The hearing has not yet been scheduled.
The city's Jan. 13 submission of sales data to the state tax board contained an across-the-board 41 percent increase in the assessed values of all city properties sold in 2010 - a move that dumbfounded real estate experts.
The city's goal was not to increase taxes, but to block a specific type of appeal by property owners.
The controversy was set off by a July finding of the state tax board, which is charged with monitoring the accuracy of assessments.
Using county sales data, the board calculates the ratio of assessed values to actual real estate sale prices each year to establish the "common level ratio," which is then compared with each county's "predetermined ratio."
Philadelphia's predetermined ratio is 32 percent, which means the tax rate is applied to 32 percent of a property's certified market value to determine the tax. For example, the owner of a building with a $100,000 market value pays tax on $32,000.
But if a common level ratio calculated by the tax board for a county differs by more than 15 percent from the county's predetermined ratio, then the board's ratio must be used to figure the tax when a taxpayer appeals.
For years, thanks to carefully massaged data, Philadelphia's common level ratio fell within the 15 percent limit, even though it was widely acknowledged, even by city officials, that property valuations were extremely uneven and mostly too low.
That changed in July, when the state tax board said Philadelphia's common level ratio was 18.1 percent, far below the predetermined ratio of 32 percent.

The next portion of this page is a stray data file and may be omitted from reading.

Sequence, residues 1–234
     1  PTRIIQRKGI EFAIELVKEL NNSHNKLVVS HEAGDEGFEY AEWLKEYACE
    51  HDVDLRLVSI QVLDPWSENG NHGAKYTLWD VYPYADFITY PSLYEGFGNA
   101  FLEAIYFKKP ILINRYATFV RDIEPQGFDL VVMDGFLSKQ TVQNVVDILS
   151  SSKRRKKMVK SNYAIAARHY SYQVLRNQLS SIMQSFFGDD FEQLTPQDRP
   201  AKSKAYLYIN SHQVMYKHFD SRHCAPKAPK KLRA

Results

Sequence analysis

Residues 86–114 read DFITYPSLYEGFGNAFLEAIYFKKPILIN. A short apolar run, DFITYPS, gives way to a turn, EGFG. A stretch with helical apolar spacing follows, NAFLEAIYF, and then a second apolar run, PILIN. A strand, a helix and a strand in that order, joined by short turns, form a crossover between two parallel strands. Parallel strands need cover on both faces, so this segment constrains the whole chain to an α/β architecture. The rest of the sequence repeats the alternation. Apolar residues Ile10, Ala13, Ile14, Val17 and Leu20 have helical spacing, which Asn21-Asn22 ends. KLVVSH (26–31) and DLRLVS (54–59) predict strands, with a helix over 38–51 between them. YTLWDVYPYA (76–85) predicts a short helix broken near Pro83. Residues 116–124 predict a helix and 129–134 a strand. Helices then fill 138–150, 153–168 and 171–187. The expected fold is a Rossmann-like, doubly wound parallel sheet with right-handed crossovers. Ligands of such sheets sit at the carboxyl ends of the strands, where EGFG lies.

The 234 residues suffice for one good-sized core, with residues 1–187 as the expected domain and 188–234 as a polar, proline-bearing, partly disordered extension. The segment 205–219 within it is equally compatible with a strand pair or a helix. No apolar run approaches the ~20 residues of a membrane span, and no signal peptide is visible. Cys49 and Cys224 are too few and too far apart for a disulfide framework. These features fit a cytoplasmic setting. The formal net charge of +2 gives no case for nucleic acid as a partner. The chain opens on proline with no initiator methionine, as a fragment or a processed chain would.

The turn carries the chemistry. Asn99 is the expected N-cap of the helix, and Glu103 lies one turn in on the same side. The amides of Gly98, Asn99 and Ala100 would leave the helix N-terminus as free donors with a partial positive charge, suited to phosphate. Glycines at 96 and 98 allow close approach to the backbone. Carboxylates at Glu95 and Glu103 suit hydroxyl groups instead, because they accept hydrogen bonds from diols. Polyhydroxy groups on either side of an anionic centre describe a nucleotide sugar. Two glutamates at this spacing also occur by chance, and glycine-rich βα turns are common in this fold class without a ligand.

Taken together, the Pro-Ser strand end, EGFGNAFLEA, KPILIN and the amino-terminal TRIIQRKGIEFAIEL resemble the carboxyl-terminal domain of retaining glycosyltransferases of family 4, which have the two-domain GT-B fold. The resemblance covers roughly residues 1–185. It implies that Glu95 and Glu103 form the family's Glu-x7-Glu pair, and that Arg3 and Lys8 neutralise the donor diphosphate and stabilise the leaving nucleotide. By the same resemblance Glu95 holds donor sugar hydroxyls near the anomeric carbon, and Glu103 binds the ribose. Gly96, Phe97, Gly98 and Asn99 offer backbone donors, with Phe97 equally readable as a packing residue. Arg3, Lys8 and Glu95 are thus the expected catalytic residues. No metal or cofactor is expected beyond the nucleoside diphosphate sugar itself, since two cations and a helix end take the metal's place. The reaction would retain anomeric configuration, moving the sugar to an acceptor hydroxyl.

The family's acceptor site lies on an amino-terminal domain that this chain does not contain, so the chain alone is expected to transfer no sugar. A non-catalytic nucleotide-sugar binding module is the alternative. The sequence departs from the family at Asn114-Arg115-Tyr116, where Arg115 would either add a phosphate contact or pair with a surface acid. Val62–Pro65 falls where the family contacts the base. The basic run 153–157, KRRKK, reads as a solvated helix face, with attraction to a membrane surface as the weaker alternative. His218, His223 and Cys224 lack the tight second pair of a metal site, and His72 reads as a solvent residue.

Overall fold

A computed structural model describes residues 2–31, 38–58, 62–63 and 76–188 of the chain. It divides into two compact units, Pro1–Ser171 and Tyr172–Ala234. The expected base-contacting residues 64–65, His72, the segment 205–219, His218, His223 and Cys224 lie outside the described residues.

More than 1,000 property owners filed tax appeals based solely on the lower common level ratio to automatically cut their tax bills 44 percent.
Meanwhile, the city appealed the state tax board's determination and included new figures for assessed values in the data submitted Jan. 13.
The state tax board has not published a common level ratio based on those new data, but an Inquirer analysis found that it would easily fall within the 15 percent limit.
To justify the move, the city Office of Property Assessment cited a 2004 ordinance that said City Council must adjust real estate tax rates so that switching to full-market-value assessments, as opposed to 32 percent assessments, would not result in an increase in tax revenue.
The ordinance says that in 2004, the ratio of official market value to actual market value was 71 percent, an acknowledgment of widespread undervaluation in the city.
In its appeal to the state tax board, the city has interpreted the 2004 ordinance as a "mandate" that certified market values must be 71 percent of actual market values, even though a former top city property tax official said no such rule existed then.
To prepare its submission, the Office of Property Assessment divided each property's assessed value by 0.71, resulting in new assessed values that were 41 percent higher.
The core matter for the state tax board to decide is "whether it is legally proper and statistically sound for Philadelphia's [Office of Property Assessment] to have adjusted its assessed values" based on the 2004 ordinance, according to the board's memorandum and order.
To Herskowitz, the Fox Rothschild lawyer, the answer should be obvious: "We are confident that [the state tax board] will follow the law in its determination of the common level ratio for Philadelphia and reject the artificially inflated figures."
Contact Harold Brubaker at 215-854-4651 or firstname.lastname@example.org.